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Date:   Tue, 25 Jun 2019 20:27:12 +0000
From:   Trent Piepho <>
To:     "" <>
CC:     "" <>,
        "" <>,
        "" <>,
        "" <>,
        "" <>
Subject: Re: [PATCH] rtc: Don't state that the RTC holds UTC in case it

On Tue, 2019-06-25 at 21:19 +0200, Alexandre Belloni wrote:
> On 25/06/2019 17:16:52+0000, Trent Piepho wrote:
> > On Tue, 2019-06-25 at 11:29 +0200, Alexandre Belloni wrote:
> > > Userspace is certainly adjusting the timezone after the kernel did. Can
> > > you run the same commands without running your init? 
> > > 
> > > On stable, you have /etc/init.d/ that still runs and does the
> > > correct thing. My understanding is that systemd also handles the TZ
> > > properly after hctosys (see clock_is_localtime()).
> > > 
> > > Seriously, hctosys does a really bad job at setting the system time, it
> > > is guaranteed to be always wrong on most platforms. My plan is still to
> > > try to get distros to stop enabling it and do that properly in
> > > userspace. This is already ok when using sysV but systemd would need a
> > > few changes to stop relying on it when then is no hwclock initscript.
> > > Unfortunately, I didn't have time to work on that yet.
> > 
> > hctosys is very handy in that it sets the system time before any log
> > messages are generated. Either in a main boot or in an initramfs. 
> > Having property time-stamped log messages is very important for
> > managing a large deployment.
> > 
> > If the system time is set by some script or systemd unit, then there
> > will always be all the things that need to run before that script or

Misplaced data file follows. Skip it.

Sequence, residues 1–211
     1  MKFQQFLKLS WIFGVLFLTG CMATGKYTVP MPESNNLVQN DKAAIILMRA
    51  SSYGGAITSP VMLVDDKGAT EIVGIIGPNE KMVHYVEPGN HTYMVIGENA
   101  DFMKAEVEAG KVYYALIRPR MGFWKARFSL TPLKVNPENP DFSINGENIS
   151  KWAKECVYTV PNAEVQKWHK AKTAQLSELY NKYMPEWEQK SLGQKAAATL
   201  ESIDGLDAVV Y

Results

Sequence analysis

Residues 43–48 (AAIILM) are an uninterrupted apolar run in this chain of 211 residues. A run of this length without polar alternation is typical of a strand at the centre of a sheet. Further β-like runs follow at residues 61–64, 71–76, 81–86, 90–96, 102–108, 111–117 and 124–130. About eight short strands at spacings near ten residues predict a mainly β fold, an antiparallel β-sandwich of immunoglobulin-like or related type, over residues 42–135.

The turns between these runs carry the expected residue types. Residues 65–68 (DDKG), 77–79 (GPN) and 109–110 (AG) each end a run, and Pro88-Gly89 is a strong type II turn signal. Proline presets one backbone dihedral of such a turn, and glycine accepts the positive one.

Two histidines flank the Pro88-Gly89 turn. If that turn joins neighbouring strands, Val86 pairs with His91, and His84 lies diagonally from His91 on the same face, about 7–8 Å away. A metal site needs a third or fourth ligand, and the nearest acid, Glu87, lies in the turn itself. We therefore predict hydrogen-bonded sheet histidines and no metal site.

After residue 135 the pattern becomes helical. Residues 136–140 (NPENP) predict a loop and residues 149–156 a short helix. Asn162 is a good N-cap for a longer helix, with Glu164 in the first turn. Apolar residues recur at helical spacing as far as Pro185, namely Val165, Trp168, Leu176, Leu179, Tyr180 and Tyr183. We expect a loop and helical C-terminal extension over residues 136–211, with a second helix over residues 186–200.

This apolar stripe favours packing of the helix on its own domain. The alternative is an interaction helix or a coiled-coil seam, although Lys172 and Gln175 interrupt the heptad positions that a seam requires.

> > unit can work. E.g., udev creating rtc device nodes, mounting /sys and
> > /proc, systemd generator for local file system unis, the other parts of
> > systemd to do that, etc. All this won't be able to log with correct
> > system time.
> > 
> I'd argue that this system time is not correct anyway and hence is not
> that useful. Especially since the boot time to anything reading the RTC
> will still be smaller than the maximum error hctosys can have (that is
> up to two seconds). This is even worse if the RTC sotres local time.

Why would the system time be incorrect by more than +- 500 ms plus
whatever the drift the RTC since the last time it was correctly set? 
Is there another source of error?

The +-500 ms error could be reduced by using an update interrupt in

If one were to not set the RTC to UTC, then yes there is a problem. 
But it's manageable.  Don't do that.  I've got large numbers of
embedded devices I've designed.  Why would I design them to use local
time in the RTC?  

If one does set the RTC to local time, then it's bad, but not
impossible to deal with.  The log messages that have timestamps between
boot and when the timezone is set will be in the wrong zone.  The
necessary information to correct this error exists.  It's far better
than all timestamps as Jan 1st 1970.

> Instead of using a systemd unit, we could make systemd read the RTC as
> soon as possible and set the system time correctly (at least, that is my

But what is as soon as possible?  Doesn't it need /dev/rtc or maybe
/sys/class/rtc to exist?  That doesn't happen for a while after boot.

> plan). This would be especially useful when using NTP because as already
> reported, it may take a few hours to actually synchronize because
> hctosys didn't set the correct time.

Is that really a problem in hctosys?  Usually one always does some sort
of makestep option in ntp to set rather than skew the clock on start,
perhaps only if the error is too great, to avoid synchronizing taking
an exceeding long time.

I see this as two blatant system misconfigurations.  One, telling the
kernel to set the time based on a RTC set to UTC and then not setting
the RTC to UTC.  And two, setting ntp to not step the clock and giving
it a huge initial error to deal with.

> I would agree that there are remaining use cases for hctosys, e.g. when
> wanting to boot a rootfs over a network filesystem and without an
> initramfs.

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